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135m x 17.1m x 7.9m
6 x 15cm guns
3 x 5.2cm guns
4 x 500mm torpedoes
Her top speed was only 11 knots. Her advantages included deception (fake funnel and masts which could be erected or lowered to change her appearance), false sides which kept her weapons hidden until the last possible moment, and a range of over 32,000 miles due to a coal bunker capacity of 8,000 tons.
Armed with six 15 cm guns, three 5.2-cm guns and several smaller caliber weapons, four 500mm torpedo tubes plus 465 sea mines. Also, a Friedrichshafen FF.33 seaplane nicknamed "Wolfchen" (Little Wolf) with fuselage number 841. Piloted by Leutnant-flieger Matthaus Stein and co-piloted by Oberflugmeister Paul Fabeck, also the mechanic.
After intercepting a radio message, Wolf stalked SS Matunga bound for Rabaul and captured her on August 6, 1917 forty-six crew and passengers were taken Prisoners Of War (POWs). Afterwards, the pair steamed for a week until reaching Offak Bay (Fofak Bay) at Waigeo Island where 500 tons of coal and liquor were transferred from the captured vessel. On August 26, 1917 Matunga was scuttled a few miles out to sea by SMS Wolf.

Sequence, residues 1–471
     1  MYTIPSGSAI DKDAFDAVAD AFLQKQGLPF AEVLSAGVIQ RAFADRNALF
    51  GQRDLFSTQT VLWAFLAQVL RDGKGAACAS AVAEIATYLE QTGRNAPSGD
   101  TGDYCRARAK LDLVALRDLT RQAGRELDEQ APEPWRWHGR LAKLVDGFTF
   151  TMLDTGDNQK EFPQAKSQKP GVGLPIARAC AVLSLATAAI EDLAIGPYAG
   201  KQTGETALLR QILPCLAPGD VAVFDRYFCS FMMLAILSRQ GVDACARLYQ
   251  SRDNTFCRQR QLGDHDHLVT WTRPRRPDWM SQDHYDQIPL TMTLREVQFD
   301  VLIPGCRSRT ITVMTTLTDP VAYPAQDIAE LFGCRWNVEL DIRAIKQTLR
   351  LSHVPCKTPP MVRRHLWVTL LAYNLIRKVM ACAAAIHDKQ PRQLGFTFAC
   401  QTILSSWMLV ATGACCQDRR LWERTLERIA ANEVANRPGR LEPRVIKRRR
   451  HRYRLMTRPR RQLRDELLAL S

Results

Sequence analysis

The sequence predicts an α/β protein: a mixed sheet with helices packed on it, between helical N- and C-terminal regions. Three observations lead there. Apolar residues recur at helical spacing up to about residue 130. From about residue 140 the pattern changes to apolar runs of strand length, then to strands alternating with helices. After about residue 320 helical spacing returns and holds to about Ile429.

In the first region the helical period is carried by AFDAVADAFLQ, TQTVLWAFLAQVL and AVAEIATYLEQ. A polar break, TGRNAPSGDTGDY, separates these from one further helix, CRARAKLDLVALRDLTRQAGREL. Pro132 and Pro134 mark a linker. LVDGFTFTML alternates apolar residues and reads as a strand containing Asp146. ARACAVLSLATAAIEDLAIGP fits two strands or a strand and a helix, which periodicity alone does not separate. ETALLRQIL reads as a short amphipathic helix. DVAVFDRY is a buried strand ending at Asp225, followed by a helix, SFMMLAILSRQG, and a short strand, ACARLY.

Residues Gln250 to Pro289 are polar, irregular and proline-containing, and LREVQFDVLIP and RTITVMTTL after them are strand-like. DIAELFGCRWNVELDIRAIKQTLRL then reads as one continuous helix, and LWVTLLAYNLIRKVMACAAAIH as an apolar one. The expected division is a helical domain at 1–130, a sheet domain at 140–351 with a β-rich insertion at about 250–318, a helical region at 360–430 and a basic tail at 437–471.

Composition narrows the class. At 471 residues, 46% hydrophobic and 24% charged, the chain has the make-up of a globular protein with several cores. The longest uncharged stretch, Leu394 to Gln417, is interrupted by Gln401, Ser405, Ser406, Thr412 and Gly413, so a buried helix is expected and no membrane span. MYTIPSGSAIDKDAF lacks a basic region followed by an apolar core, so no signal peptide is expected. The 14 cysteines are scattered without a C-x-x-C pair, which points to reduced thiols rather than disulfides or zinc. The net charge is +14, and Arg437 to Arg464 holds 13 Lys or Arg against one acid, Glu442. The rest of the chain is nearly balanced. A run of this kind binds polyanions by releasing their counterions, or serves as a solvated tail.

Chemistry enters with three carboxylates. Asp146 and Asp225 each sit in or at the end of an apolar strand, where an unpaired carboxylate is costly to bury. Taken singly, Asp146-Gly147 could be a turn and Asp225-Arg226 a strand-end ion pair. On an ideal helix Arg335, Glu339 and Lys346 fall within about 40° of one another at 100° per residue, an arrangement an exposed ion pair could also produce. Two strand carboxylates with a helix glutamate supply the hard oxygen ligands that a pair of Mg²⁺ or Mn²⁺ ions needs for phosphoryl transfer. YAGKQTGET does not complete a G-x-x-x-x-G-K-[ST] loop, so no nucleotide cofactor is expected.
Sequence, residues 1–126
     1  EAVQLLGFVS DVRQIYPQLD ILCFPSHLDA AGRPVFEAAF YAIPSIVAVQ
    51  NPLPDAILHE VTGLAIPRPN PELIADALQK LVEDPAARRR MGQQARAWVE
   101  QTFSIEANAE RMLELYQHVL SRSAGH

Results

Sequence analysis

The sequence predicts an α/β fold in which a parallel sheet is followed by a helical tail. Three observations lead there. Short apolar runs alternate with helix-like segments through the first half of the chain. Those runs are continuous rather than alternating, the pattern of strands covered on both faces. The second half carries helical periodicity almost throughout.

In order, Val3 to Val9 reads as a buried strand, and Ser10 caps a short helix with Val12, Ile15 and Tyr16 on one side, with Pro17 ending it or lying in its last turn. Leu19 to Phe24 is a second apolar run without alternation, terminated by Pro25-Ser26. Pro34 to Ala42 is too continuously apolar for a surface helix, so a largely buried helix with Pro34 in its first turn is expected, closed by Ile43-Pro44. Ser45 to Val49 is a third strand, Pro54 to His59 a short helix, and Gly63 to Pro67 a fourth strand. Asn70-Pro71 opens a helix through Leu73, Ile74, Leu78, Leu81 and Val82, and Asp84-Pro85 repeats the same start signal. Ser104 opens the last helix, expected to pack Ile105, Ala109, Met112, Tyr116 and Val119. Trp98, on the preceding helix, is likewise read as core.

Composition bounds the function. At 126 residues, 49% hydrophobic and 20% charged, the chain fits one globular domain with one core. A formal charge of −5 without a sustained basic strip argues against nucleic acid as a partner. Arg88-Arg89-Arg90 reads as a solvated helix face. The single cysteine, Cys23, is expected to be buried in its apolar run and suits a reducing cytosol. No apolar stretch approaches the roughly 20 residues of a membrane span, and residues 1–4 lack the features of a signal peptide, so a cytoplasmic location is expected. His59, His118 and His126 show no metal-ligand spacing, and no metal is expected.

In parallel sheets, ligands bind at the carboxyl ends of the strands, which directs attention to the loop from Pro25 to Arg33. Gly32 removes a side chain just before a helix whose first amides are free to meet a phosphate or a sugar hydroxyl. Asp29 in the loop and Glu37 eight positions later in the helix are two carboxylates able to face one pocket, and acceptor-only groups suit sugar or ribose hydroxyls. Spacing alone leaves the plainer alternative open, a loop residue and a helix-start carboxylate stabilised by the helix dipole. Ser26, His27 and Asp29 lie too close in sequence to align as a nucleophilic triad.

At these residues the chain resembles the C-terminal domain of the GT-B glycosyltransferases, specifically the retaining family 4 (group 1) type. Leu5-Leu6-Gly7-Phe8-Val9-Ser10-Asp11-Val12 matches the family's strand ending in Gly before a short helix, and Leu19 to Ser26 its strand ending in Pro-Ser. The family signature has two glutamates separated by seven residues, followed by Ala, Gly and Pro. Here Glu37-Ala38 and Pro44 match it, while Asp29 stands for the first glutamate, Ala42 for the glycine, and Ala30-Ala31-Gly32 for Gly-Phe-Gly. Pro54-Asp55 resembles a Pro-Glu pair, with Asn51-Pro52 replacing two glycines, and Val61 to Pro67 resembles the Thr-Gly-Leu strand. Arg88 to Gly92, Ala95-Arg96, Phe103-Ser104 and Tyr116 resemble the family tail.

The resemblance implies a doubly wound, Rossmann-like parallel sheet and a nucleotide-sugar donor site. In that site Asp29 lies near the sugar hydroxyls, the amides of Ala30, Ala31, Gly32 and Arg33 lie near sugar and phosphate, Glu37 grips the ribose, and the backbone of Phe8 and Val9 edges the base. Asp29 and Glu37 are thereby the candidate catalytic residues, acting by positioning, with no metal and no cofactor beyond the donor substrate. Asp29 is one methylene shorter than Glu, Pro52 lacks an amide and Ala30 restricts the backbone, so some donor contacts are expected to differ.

On September 26, 1917 captured the Hitachi Maru after a battle south of Maldives. Afterwards, anchored together at Suvadiva Atoll where the captured vessel's cargo was removed. On November 7, 1917 scuttled Cargados Carajos Islands.
During February 1918 after 451 days at seas Wolf returned to Kiel, completing the longest voyage of a German warship during World War I without any support. Aboard were 467 Prisoners Of War (POWs) captured during the voyage. In addition she carried substantial quantities of rubber, copper, zinc, brass, silk, copra, cocoa, and other materials captured. Afterwards, Captain Nerger was awarded the highest German decoration, the Pour le Mérite.
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